TOKYO, Japan: Petra Kvitova ended the run of a resurgent Venus Williams at the Pan Pacific Open on Friday, winning a high-octane shootout 3-6, 6-3, 7-6 to reach the finals of the $2.3 million event, where she will face fellow “lefty” Angelique Kerber.
The German Kerber had too much firepower for Denmark’s Caroline Wozniacki, the fifth seed beating the former world number one 6-2, 7-6 to reach her seventh career final.
Kvitova, the 2011 Wimbledon champion from the Czech Republic, repelled everything Williams threw at her in a pulsating Tokyo semi-final, the seventh seed holding her nerve to tear through the deciding tiebreak 7-2 and complete victory in two hours, 24 minutes.
“That was definitely one of my best matches of the season,” Kvitova told Agence France Presse after playing her third match in two days.
“I knew she would attack and I had a little trouble so I just tried to do the same to her.”
A see-saw match which began in bright sunshine with Williams in the ascendancy caught fire in the second set.
Kvitova began ripping winners past the former world number one, who took the rare step of calling hitting partner David Witt to her chair for a pow-wow after being pegged back to a set-all.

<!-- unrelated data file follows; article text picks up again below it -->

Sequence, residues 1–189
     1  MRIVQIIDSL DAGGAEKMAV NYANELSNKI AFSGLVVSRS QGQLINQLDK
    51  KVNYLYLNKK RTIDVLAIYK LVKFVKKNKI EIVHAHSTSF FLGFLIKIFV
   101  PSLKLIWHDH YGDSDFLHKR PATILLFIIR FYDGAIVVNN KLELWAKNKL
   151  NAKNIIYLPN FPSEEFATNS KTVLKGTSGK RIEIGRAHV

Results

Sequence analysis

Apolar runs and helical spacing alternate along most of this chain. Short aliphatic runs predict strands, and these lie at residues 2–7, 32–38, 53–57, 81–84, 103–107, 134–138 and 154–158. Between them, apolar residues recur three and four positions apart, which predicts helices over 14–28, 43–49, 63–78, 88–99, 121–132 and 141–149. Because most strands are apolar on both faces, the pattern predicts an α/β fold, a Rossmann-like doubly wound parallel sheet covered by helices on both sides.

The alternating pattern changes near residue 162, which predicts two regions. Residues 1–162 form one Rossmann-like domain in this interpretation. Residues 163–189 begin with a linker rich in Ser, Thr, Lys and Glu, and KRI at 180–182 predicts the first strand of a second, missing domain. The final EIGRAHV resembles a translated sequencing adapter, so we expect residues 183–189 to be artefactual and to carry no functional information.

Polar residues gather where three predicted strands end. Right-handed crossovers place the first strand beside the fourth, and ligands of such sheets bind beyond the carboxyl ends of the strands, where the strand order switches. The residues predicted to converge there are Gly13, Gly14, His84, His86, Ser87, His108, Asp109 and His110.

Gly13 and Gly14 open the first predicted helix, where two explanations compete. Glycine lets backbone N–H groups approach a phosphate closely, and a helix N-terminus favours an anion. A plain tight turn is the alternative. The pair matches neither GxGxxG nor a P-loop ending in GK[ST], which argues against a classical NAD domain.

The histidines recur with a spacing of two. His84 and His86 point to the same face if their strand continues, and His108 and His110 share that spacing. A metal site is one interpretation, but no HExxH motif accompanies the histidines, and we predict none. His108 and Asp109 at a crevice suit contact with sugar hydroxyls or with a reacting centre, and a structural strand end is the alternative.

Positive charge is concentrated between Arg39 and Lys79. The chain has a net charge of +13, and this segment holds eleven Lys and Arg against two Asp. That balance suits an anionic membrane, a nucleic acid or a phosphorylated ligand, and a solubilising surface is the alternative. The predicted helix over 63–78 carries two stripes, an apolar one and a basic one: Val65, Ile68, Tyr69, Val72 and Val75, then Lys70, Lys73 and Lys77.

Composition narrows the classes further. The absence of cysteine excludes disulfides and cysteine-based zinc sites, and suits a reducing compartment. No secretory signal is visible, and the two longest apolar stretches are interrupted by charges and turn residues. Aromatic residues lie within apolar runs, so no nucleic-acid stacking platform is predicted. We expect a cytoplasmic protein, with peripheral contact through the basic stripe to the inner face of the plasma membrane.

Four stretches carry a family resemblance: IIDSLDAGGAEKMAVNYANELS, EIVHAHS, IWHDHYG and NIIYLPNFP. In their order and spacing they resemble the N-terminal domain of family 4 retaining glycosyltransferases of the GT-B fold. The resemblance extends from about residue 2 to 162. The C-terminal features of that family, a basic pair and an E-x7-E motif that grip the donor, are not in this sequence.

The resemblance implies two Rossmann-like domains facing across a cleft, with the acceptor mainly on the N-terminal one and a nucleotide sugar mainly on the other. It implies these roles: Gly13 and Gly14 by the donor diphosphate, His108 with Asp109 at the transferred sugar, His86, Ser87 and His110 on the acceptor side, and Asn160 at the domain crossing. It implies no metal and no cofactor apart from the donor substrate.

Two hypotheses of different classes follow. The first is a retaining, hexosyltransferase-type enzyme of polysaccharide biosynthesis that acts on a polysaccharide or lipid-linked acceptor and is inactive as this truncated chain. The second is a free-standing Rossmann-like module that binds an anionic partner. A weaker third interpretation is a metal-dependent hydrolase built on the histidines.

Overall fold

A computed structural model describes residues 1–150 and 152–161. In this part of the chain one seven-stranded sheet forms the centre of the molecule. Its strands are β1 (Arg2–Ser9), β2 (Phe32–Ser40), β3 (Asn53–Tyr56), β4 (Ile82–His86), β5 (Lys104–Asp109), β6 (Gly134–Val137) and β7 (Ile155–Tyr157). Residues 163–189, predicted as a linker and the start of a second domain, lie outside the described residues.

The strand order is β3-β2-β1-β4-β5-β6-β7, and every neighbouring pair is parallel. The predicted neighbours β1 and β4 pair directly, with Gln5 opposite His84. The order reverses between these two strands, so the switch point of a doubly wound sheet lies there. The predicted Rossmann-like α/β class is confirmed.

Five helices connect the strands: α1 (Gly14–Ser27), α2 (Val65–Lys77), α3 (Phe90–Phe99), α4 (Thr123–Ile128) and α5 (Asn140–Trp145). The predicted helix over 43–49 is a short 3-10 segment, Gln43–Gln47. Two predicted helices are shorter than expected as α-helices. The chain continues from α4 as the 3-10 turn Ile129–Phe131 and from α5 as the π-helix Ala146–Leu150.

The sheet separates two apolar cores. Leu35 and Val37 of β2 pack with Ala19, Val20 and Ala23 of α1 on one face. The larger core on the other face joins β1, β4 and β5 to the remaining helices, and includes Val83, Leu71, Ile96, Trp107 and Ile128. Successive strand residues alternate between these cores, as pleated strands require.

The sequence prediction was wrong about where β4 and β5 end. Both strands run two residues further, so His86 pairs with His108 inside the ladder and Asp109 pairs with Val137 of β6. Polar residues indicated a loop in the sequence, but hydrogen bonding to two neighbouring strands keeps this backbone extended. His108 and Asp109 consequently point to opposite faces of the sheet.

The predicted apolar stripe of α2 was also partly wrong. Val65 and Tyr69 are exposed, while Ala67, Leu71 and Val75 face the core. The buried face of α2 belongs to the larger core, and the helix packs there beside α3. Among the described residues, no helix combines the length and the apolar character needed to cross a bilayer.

But Kvitova refused to buckle, finding the sweet spot repeatedly — to the frustration of the seven-times grand slam singles champion, whose ranking has plummeted to 63rd in the world after being diagnosed with an autoimmune disorder in 2011.
The American unravelled at crunch time and an absorbing clash ended under floodlights when Kvitova, who had held a 6-0 lead in the tiebreak, converted her third match point by forcing Williams to hook a forehand long after another fierce salvo from the baseline.
“I guess I was a little tired,” sighed Williams, who had taken over three hours to win her quarterfinals against Canadian teenager Eugenie Bouchard.
“But she played an amazing tiebreak. There were a few painful misses,” added the 33-year-old, projected to rise to 38 in the new rankings next week. “That happens. At least I went for it.”
Kvitova, who has been ranked as high as two, had been forced to play twice on Thursday after rain caused a backlog of matches.
“I felt a little tired when I woke up but I’m always like that in the morning,” said the 23-year-old, looking to capture her second title of the year and 11th of her career in Saturday’s final after winning in Dubai earlier this year.
“I knew how Venus would play and I had a strategy for her.”
Williams won the last of her 44 singles titles at last October’s Luxembourg Open and last won a grand slam with a fifth Wimbledon triumph in 2008.
“It will be very tough against Petra,” said Kerber after ousting 2010 Tokyo winner Wozniacki.
“She is playing at a very high level so I have to match that,” added the German, seeking a third career title and a first of 2013. “I’ll try not to get too nervous and stick to my game plan.”